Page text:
Hi there, we noticed this article from 2014 is still one of our most popular posts! So we decided to update it here with current stats on the 5 things making Zara and H&M successful and here, with a look at their marketing strategies.
With a brand value of 13 billion euros, H&M is currently the highest valued fashion brand in Europe. Close on its heels is the equally ambitious Zara, valued at 7.8 billion euros. Both retailers have global vision and excel with their affordable fast fashion offering, but the shopping experience and product is greatly different. We’ve turned to data to understand what sets the two apart and here we’ll share the key findings relating to price, product and timing.
Segmentation of offering at Zara vs H&M
H&M and Zara have very different strategies when it comes to the weighting of their offering. The bulk of H&M’s offering is womenswear and this focus is communicated in their advertising. Menswear at H&M takes a backseat. Zara’s apparel split is much more even – considering the retailer gets so much coverage for its womenswear offering, the breakdown is in fact very balanced.
These weightings suggest that Zara and H&M are competing for and pitching at different consumer types. The Zara customer could be more mature, and shop across the breadth of the retailer’s offering for his or her partner and children, while H&M’s predominant consumer is shopping for womenswear. Strategically, Zara splits its focus across all three channels. A sign of confidence and clarity? Or perhaps an overly broad vision?
Dramatically Different Pricing Strategies
H&M have the bigger online offering, with currently around two thousand more options than Zara. The pricing strategy at the two retailers varies dramatically, despite having similar entry and exit points. H&M’s apparel pricing spans $1-$291 and Zara’s is $5-$322, however average price point at H&M is $21.40 and at Zara is $48. Even more telling is the the price point which each invests in most heavily. At H&M 56% of the offering sits in the $1-$20 bracket, whereas Zara gives its price architecture a more even ratio – their most optioned price point is $20-$40 and represents a more modest 32% of their offering.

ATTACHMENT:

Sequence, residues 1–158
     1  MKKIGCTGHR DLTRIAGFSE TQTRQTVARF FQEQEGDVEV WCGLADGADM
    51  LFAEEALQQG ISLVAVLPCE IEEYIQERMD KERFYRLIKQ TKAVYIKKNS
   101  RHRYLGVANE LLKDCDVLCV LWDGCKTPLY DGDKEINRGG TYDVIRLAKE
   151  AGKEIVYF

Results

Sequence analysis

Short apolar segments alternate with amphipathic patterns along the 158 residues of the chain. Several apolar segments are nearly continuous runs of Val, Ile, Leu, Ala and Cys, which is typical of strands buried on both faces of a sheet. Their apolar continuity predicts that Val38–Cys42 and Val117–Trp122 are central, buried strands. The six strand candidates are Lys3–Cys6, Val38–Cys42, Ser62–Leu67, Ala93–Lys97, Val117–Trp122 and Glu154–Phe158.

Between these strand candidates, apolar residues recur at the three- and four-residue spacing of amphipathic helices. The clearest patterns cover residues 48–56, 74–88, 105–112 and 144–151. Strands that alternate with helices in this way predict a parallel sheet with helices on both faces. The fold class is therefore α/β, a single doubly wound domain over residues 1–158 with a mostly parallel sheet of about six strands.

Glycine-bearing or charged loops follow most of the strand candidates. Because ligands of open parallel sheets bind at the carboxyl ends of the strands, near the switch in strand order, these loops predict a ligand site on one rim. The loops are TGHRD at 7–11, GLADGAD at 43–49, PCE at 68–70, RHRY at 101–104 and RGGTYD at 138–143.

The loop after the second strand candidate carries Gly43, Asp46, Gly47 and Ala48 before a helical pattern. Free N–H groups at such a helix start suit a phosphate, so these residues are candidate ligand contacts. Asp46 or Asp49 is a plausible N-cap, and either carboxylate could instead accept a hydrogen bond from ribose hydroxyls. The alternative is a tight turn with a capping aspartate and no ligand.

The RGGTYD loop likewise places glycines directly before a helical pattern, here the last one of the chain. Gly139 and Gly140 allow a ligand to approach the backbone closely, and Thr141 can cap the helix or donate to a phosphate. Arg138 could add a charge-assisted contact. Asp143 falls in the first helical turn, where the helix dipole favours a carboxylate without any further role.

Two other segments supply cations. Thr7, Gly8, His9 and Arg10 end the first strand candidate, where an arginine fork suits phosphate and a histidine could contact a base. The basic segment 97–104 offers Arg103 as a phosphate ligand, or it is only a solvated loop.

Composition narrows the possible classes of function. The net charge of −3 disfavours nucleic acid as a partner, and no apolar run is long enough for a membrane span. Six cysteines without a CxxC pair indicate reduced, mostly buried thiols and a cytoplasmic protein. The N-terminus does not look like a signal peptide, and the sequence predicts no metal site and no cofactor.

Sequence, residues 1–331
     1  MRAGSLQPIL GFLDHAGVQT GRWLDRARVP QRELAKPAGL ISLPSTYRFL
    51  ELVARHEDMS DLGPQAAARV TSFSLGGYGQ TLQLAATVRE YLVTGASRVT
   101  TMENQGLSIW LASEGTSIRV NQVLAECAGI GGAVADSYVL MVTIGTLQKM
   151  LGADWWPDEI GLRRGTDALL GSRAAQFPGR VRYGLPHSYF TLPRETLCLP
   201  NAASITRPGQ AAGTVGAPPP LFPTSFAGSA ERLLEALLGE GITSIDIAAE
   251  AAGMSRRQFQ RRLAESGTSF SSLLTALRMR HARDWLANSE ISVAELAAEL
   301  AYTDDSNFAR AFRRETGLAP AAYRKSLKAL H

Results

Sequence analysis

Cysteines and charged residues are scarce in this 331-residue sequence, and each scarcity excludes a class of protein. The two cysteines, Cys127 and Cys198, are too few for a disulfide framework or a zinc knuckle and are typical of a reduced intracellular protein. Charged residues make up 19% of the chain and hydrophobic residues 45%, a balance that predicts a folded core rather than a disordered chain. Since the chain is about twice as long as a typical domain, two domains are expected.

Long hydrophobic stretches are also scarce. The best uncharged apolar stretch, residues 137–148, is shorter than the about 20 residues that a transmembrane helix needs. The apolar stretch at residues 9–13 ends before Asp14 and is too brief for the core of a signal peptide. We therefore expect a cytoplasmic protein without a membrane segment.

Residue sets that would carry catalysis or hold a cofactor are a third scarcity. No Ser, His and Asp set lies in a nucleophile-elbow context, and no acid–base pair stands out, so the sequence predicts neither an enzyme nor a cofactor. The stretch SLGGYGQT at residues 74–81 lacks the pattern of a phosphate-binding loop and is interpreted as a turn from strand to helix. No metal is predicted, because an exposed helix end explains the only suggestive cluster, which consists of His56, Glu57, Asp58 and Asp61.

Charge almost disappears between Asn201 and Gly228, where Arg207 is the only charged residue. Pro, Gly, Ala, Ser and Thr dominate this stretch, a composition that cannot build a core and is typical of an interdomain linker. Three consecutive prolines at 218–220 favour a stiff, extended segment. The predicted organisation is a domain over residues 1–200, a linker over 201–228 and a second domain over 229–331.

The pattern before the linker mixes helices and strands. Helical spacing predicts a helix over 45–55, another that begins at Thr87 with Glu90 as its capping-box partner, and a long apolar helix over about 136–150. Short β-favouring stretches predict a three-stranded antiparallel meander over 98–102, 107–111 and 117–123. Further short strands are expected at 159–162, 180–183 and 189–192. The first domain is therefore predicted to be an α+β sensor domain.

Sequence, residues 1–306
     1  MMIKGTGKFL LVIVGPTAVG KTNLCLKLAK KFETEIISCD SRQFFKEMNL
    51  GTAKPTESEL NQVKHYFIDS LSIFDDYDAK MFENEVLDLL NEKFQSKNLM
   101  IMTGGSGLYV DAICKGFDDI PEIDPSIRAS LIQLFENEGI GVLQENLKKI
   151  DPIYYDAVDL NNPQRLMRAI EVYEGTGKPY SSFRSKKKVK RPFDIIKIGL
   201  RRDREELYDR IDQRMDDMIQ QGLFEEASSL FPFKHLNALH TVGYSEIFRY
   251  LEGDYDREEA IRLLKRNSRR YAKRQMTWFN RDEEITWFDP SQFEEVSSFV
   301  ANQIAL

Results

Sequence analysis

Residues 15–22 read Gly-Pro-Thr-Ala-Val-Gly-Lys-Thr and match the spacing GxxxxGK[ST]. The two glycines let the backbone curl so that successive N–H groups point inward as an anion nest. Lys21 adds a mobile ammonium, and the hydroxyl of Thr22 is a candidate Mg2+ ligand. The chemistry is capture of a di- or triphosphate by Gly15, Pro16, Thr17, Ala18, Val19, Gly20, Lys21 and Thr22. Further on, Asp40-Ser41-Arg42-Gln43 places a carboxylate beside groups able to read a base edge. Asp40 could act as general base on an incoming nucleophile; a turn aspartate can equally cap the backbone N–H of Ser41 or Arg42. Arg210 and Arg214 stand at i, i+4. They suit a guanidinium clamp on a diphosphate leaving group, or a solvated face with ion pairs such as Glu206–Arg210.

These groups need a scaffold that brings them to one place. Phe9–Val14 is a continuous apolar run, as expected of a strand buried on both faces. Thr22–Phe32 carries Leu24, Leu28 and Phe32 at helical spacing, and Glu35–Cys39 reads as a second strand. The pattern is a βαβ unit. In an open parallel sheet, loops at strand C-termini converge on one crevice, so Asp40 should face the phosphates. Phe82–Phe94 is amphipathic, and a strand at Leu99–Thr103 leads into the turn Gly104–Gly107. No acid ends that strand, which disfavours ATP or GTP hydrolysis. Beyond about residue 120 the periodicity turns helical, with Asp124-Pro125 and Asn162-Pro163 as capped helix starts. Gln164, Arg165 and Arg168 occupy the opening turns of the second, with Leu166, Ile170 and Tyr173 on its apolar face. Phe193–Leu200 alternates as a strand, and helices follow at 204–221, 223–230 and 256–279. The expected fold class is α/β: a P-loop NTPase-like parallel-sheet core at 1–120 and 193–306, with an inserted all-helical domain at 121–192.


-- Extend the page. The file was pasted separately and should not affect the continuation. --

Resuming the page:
The differential pricing structures are very visible when comparing two of the most competitive categories: womenswear tops and dresses. H&M’s most optioned price bracket in tops is $20-$30, whereas Zara’s is $40-50. The two have clearly defined places in the market for this category – their consumers’ expectations will be tried and tested and their point of difference clearly honed through product type, quality and detailing. The structuring around dress price points is less clear from both. H&M give equal weighting to products priced $20-30 and $40-50, and ease off on the $30-40 bracket. Zara have an equally unbalanced spread of product through their price points: $40-50 is their most optioned (and being one of H&M’s most common price points for dresses, doesn’t define their point of difference as clearly as the tops category), they ease off on the $50-$60 bracket, and come back in again for $60-$70. Both retailers may want to assess these bumps in their assortment – it’s far easier to encourage a consumer to up their spend if pricing runs on a smoother scale.
H&M’s Bullish Discounting
Discounting strategy is one of the most defining differences at the two retailers. H&M currently have 24.2% of their entire online offering on discount, with 9.3% discounted by 50% or more. Zara, in stark contrast have only 3.2% of their online offering discounted – a much subtler approach, and only 0.2% of the offering discounted by 50% or more.